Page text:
In Summary
  • Now, more than ever, women are taking up executive positions at workplaces and running remarkable businesses.
  • For Nyakio, she decided that she would rather stay single than have to support a man or date a man who is still struggling financially.

When the census report 2019 came out this week, one of the shockers was that the disparity between men and women was minimal.

There are 23.5 males and 24 million females, which is a difference of just half a million.

For the longest time, self-certified historians had it that the ratio of men to women was 1 to 3.

It, therefore, went without saying that men should have more than one woman to set the balance.

Polygamy was justified using the figures. Women are supposed to understand when he brings another woman home or beds the girl next door because women are everywhere.

Now, the judgment is out. The street ratios are off and hopefully, this is the last we hear of the justification.


If the numbers are to be believed, most women should be able to comfortably find a mate, right? The reality is different.

Many women today decry the lack of enough grooms to date and walk them down the aisle.

Why is there a dating crisis then? Why are some men still able to get more than their fair share of females?

Is it that the meeting places have narrowed? Actually, it's the opposite. It's the era of online dating and social media.

Unlike before, one can meet a potential mate in seconds and they could be anywhere in the world.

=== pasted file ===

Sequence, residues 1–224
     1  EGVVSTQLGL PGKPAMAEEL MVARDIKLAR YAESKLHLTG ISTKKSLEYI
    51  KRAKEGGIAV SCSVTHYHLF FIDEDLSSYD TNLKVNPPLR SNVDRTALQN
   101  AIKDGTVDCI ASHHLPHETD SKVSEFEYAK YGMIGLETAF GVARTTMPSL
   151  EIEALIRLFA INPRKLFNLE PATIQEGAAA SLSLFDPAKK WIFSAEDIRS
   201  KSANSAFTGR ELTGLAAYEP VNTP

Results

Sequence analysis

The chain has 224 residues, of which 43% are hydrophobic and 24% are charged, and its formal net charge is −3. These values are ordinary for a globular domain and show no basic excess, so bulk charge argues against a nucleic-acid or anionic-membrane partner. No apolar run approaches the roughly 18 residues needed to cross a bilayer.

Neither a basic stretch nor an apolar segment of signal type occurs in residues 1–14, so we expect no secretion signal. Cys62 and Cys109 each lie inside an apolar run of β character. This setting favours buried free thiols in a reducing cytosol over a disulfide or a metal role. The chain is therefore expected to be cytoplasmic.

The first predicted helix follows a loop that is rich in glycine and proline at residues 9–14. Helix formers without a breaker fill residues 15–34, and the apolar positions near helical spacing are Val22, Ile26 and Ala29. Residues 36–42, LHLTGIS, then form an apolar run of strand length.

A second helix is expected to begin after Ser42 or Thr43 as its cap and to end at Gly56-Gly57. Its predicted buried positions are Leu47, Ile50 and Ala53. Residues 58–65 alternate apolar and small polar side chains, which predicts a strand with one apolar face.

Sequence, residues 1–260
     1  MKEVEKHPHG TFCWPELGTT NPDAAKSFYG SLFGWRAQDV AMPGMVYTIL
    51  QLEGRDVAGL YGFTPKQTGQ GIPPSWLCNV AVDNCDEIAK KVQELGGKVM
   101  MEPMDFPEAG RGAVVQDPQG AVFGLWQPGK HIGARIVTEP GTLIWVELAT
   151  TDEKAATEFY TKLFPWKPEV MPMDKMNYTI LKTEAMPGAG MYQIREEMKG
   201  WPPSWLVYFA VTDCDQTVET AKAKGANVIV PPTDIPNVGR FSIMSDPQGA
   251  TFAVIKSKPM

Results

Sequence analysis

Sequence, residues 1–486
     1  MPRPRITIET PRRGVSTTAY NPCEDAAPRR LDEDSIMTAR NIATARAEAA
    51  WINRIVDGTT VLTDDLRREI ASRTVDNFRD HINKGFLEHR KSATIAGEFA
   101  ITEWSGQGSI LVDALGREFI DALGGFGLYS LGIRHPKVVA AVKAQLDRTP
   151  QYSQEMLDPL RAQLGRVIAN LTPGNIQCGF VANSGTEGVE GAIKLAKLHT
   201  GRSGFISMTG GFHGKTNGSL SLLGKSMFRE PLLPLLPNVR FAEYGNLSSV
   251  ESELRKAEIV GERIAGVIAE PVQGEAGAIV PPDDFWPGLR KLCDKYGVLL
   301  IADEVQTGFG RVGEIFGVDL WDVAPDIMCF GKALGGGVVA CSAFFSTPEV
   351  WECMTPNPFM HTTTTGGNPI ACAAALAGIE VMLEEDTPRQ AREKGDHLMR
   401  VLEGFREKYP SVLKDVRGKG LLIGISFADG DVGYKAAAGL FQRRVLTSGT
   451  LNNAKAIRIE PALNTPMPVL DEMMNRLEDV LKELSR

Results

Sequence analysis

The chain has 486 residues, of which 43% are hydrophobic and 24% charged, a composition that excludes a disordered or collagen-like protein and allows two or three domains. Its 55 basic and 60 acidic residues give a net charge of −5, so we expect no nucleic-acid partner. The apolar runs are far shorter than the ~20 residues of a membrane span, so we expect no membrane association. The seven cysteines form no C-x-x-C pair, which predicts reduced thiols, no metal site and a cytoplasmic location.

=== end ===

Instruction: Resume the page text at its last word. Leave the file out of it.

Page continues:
Moreover, the dating platforms have perfected the art of matchmaking to reduce the misses.

'There aren't enough "economically attractive" men — ones with a good income and a stable job — for single women to marry,' reports a new study.


The study, published in the Journal of Marriage and Family, says that women still want what their great grandmothers wanted — security — and in today's era, that means money.

"Economic stability is a key to a stable family life — to getting married, staying married, and marrying well," he says.

"Physical attractiveness may provide an initial filter that draws our attention, but economic considerations and shared values matter much more in the long term. A good job attracts and retains suitable marital partners. And this is true for both men and women," writes the lead author, Daniel T. Lichter, a professor at Cornell University.

Antonia Nyakio is 31 years old and has been single for the last two years. The banker says finance is a priority in a potential mate.

Her ex was broke, and she swears she learnt a big lesson. Never again.

"I would foot most of my ex's expenses and he would spend part of his school holidays at my place. He was a student, jobless and I was working. He was also slightly older. After three years of dating, he came to my house one particular evening and said that he was calling it quits," she offers.


That was her turning point. She decided that she would rather stay single than have to support a man or date a man who is still struggling financially.

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